The Aggieville district heard the proud rally cries of roughly 30 voices ring out as people took to the streets Thursday night. The group was gathered as a part of Take Back the Night, an event organized in part by K-State’s Delta chapter of Gamma Rho Lambda, the LGBT Resource Center, the Women’s Center, the women’s studies department and K-State Counseling Services.
The event began in Bosco Plaza, where Mary Todd, director of the K-State Women’s Center, gave an unconventional introduction to the crowd, gathered to support women’s rights and fight the violence against women perpetuated in today’s society.
“I’m not happy to see you here tonight,” Todd said to the group of men and women who had come out to participate. “Ponder it. Why are you here?”
Todd said that the very need to stand up against violence toward women was shameful, and with the support of a cheering crowd, she explained the veil of fear women are forced to live in.
“Think of all the people that are lost, because they’re killed by the one that’s supposed to love them the most,” Todd said. “My point is, when it’s dark outside, why don’t we go out? What will they say if something bad happens? ‘She shouldn’t have been out there. It’s her fault.’ It is never your fault. The crime belongs to the criminal.”
As the audience clapped, cheered and held up handmade signs in support, and Ellen Ludwig, coordinator for Take Back the Night and senior in fine arts, finished the introductions, a young woman stepped forward and took the microphone. Identifying herself only as Jessica from Texas, she shared a personal story that brought the crowd to silence.
“He wasn’t scared of me, like I was of him,” Jessica said, describing her boyfriend during high school. “He said, ‘You made me rape you.’ And this is the worst part: I apologized to him.”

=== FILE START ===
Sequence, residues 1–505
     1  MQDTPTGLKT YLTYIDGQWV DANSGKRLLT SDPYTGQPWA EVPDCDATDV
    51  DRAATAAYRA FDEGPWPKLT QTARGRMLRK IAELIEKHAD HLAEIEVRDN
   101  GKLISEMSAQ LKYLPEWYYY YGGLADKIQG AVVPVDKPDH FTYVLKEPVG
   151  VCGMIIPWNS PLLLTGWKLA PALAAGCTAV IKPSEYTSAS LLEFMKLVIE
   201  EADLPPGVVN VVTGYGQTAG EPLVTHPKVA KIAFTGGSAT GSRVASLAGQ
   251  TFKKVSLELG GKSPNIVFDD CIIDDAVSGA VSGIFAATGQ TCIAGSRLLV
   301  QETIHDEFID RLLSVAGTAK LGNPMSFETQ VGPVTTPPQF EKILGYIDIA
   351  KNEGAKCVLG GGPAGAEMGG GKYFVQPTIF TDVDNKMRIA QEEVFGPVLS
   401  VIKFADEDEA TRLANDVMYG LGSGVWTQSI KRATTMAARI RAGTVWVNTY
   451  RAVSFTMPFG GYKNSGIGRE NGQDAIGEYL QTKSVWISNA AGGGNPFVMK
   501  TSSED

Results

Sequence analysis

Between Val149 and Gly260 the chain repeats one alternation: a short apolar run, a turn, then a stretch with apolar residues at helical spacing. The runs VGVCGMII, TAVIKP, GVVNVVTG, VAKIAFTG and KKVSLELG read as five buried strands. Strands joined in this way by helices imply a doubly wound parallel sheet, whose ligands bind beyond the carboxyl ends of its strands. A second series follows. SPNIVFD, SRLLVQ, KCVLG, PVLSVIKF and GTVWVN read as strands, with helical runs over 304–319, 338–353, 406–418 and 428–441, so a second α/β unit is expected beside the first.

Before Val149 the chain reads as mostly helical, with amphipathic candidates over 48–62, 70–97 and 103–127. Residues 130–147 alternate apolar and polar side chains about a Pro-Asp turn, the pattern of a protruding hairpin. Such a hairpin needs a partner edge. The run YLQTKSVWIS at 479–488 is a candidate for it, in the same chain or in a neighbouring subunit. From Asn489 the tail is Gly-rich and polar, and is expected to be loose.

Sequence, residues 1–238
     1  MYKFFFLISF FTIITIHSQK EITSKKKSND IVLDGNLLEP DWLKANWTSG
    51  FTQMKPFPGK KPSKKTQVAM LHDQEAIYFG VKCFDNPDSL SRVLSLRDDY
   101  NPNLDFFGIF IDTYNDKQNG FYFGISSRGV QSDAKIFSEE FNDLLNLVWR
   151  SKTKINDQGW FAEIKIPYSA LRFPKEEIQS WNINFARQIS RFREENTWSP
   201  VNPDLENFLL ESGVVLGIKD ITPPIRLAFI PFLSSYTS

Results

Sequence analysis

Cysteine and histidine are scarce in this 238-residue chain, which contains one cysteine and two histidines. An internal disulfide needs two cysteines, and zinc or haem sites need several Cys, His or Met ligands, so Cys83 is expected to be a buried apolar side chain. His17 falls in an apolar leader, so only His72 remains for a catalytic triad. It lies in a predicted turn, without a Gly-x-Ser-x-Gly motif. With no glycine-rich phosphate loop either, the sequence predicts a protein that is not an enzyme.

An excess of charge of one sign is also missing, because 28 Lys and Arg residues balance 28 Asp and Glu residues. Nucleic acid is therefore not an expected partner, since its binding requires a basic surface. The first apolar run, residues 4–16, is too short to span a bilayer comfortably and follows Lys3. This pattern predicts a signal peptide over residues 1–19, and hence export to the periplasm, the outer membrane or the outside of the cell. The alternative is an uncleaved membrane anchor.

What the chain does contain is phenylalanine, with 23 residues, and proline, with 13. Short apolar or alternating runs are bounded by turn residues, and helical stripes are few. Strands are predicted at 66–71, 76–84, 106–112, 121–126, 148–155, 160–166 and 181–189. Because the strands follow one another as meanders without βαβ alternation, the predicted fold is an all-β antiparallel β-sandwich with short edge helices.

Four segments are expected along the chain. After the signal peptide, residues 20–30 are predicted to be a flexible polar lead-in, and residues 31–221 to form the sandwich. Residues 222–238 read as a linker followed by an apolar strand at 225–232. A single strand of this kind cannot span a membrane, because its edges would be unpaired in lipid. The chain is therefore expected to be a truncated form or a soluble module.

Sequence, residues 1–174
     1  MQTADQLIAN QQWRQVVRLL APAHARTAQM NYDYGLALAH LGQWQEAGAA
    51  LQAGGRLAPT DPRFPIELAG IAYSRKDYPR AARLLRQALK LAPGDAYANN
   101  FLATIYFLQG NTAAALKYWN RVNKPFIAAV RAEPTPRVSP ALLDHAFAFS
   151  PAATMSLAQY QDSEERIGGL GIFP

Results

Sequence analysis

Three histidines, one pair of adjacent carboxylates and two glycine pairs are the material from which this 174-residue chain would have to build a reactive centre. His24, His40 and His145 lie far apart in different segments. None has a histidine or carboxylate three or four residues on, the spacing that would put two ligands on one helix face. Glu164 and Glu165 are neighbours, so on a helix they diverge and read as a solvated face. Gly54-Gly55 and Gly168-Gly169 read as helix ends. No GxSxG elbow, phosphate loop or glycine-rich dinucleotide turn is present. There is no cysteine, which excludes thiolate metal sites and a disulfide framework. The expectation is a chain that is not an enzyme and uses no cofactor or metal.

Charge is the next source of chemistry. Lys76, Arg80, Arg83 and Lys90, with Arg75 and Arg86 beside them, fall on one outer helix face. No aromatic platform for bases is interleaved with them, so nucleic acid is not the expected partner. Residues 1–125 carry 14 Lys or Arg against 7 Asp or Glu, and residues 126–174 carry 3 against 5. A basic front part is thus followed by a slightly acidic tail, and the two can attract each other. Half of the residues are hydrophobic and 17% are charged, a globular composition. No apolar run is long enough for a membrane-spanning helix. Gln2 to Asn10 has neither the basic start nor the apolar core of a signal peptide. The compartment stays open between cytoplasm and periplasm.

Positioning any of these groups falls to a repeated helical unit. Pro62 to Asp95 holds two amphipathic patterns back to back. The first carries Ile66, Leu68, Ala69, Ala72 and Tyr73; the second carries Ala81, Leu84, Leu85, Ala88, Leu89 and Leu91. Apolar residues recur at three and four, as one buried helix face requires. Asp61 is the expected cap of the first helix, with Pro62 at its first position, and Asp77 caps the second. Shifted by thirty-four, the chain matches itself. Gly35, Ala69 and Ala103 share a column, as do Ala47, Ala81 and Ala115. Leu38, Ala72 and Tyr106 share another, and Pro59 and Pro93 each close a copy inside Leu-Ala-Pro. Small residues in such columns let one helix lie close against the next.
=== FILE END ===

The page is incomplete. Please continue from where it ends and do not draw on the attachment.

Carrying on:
Students in the crowd were visibly shaken by Jessica’s testimony, and her story reaffirmed many participants’ convictions in the purpose of the event.
“It was really hard to hear,” said Alexis Pultz, junior in digital arts. “It could have been anyone, you know?”
Kelly Service, junior in secondary education, agreed and said that the event should raise awareness to stories like Jessica’s.
“It was really intense,” Service said. “I hope people know it’s not a joke.”
Jessica closed her anecdote with a seed of hope.
“When my now husband and I started dating three years ago, I had to slowly learn that he meant what he said. He was telling the truth when he said he loved me,” Jessica said. “It’s a struggle to stay strong, but I try. And I’m taking back my life.”
In addition to Jessica’s personal story, Pamela Satterwhite, author of the novel “Waking Up,” was invited to speak at Take Back the Night. Satterwhite spoke on the power differences between those of different classes, between parents and children, and between men and women, and how these imbalances profoundly affect society.
“As women, there are times when we rule the home. But in wider spheres of power, our fate has been used as bait,” Satterwhite said. “Contempt is a weapon of the weak. We’ve been instructed to play the passive role, and we must reject that.”
With those words in mind, the rally members took their signs and shirts and began a 20-minute march throughout campus and Aggieville. Chants and jokes emanated from the loudspeaker that led the group as the women and men paraded around Manhattan, shouting reaffirming words of rebellion.
“Women united will never be divided,” the group shouted. “We have the power, we have the right. The streets are ours, take back the night.”
The chanting crowd drew people out of Aggieville businesses to stop and watch the group on the sidewalk. Rally members and bystanders had a few friendly exchanges. and supporters on the street jumped into the group and continued following the march until it returned to Bosco Plaza. Other Aggieville patrons, however, met the crowd’s enthusiasm with their own sarcasm and fake chants.
“A lot of people have problems with women having power and asserting it,” said Stacey Hauck, senior in social work. “People need to stop thinking like that.”
The night concluded with a candlelight vigil to remember those lost to domestic violence and rape, as well as a performance by local rock band The Field Day Jitters. Pultz, Hauck and Service said they’d wished the turnout had been bigger, but Ludwig felt the group was just right.
“It was so moving to get to hear the stories that we did tonight, ” Ludwig said. “I’m happy to see this group of people. It was a success.”